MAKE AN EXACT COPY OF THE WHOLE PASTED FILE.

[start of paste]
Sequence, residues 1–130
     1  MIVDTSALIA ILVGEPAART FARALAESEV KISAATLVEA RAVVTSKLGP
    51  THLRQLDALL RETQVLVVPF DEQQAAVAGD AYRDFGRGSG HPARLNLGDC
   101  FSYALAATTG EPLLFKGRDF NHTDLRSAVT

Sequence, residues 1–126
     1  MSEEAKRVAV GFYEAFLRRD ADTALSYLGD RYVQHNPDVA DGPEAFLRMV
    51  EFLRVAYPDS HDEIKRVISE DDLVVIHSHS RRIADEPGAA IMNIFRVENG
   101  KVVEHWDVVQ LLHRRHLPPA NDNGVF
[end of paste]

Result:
Sequence, residues 1–130
     1  MIVDTSALIA ILVGEPAART FARALAESEV KISAATLVEA RAVVTSKLGP
    51  THLRQLDALL RETQVLVVPF DEQQAAVAGD AYRDFGRGSG HPARLNLGDC
   101  FSYALAATTG EPLLFKGRDF NHTDLRSAVT

Sequence, residues 1–126
     1  MSEEAKRVAV GFYEAFLRRD ADTALSYLGD RYVQHNPDVA DGPEAFLRMV
    51  EFLRVAYPDS HDEIKRVISE DDLVVIHSHS RRIADEPGAA IMNIFRVENG
   101  KVVEHWDVVQ LLHRRHLPPA NDNGVF